Saturday, May 30, 2020
This Is What Autism Looks Like
This past Thursday, I woke up and soon threw my neck and upper back out. A great amount of pain followed. Ice, heat, repeat. I took some ibuprofen, located the CBD oil and prayed the pain would leave me soon. It did not. As the hours wore on, the pain increased. It not only increased, it became immobilizing. I was discouraged and was so upset because I had four days set aside to do as much as I possibly could around my house. I have fallen behind on everything, as my focus has been work and my clients and distance learning for my kids.
I usually check on Zach frequently and I just wasn't up to the task. I couldn't imagine walking upstairs, checking on him, and walking back down, after I had I finally gotten comfortable and was propped up with pillows and an ice pack. So I just didn't go to check. I called upstairs to him a few times, but didn't visually go to see him.
I should have known that something was wrong when he seemed to be spending a long time upstairs and then I realized he was in my room that whole time. When I finally got up and went upstairs, I found this disaster. The only way I can describe this is- This is what Autism looks like.
The night before Josh lost his work keys when he got home from work. He looked everywhere. He opened every drawer, overturned every ottoman, looked under every table and under every bed. He looked in my purse, checked the cracks in his car, and even second guessed himself wondering if could have left the keys at work.
Zach witnessed all of this searching and constant overturning of items. Of sorting, or getting down on the floor and getting back up again. Zach asked what happened and Josh simply stated that he had lost his work keys and was trying to find them.
When I saw the state of my master closet floor, I knew exactly what I was looking at. Zach had continued the searching right where Josh had left off. Zach had knocked almost every item of clothing off of the shelves in our closet and threw them on the floor. Everything that had once been folded in organized on the shelves was in a haphazard mess on the floor and in some places, piled up to my knees.
I panicked and hollered for Zach who had quickly left the room when I entered. When he came back in, my frustration level was high.
"Zach, what did you do?! Why is everything on the floor? You are not allowed in my closet!"
In pain and totally defeated, tears poked at the corners of my eyes. How was I going to clean all of this up when I was in so much pain? The daunting task overwhelmed me and full on tears began to flow.
"I was trying to find dad's keys. I did not find them." Zach calmly said. "Mom, are you crying? Oh, mom is sad."
This is what Autism looks like. Floors filled with discarded clothing. Parents crying and confused. Children unaware that they have done something they shouldn't have. And then the understanding came. Zach had created this mess, because he thought he was actually helping his dad look for his keys. He wasn't asked to help, but in his beautiful heart, he wanted to. He wanted to help his dad that he loves. And clothes on the floor and a mess that I couldn't clean up was the byproduct.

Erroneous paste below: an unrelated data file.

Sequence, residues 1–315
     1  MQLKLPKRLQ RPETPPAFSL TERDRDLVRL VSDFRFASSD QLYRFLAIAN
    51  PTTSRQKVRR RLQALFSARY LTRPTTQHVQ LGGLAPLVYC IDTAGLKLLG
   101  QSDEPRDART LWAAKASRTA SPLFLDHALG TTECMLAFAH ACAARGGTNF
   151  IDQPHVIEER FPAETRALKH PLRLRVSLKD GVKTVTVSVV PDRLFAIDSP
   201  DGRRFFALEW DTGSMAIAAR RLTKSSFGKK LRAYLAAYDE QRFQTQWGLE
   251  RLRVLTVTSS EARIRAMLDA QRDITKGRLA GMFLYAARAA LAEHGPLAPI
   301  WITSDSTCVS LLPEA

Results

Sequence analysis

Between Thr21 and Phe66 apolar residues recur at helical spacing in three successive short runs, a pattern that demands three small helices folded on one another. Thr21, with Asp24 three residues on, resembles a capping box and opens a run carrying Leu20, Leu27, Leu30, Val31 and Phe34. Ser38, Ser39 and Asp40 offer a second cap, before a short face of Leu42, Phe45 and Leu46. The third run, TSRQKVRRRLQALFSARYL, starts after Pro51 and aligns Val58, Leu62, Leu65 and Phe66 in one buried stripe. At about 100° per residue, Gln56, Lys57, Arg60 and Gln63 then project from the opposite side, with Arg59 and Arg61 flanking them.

I explained to him, that dad would find his keys, that he isn't allowed in my closet, and that he needs to remember never to touch clothes or stuff in the linen closet which has been a problem in the past. He said okay, and left the bedroom. And in Zach's eyes, that was it.
My heart softened a bit. Zach thought he was helping. Zach wanted to find the keys. I wiped my last few tears. I was able to get down on the floor in the closet. Sitting among all the clothes, too many clothes, I started to slowly fold one shirt, and then another. To create a pile for shorts, and then capri pants. If I kept my elbows low, I was able to feel little pain. I folded clothing and stacked them until the need to lay down overtook me.
Here on Saturday evening, I still do not have a closet that is organized and put back together. I would say that I have maybe 50% of the work completed. I do little bits when I can. And I am okay with that. Reflecting on my upset and my tears, I realized that this just happened to coincide when I was in pain and out of commission. Zach wasn't trying to be destructive and cause a huge mess. The huge mess happened to be the outcome of Zach not understanding how to methodically search for something that was missing. The huge mess happened to be the outcome of Zach trying to help.
Praying tomorrow is an easier day and that the pain begins to subside. But also I hope that I can slow down a bit more when something unpredictable happens. When something doesn't go my way or a road block prevents me from carrying out what I had planned for the day. Especially when it comes to something like this. This is what Autism looks like. And I learn from this sweet kid daily.
at May 30, 2020
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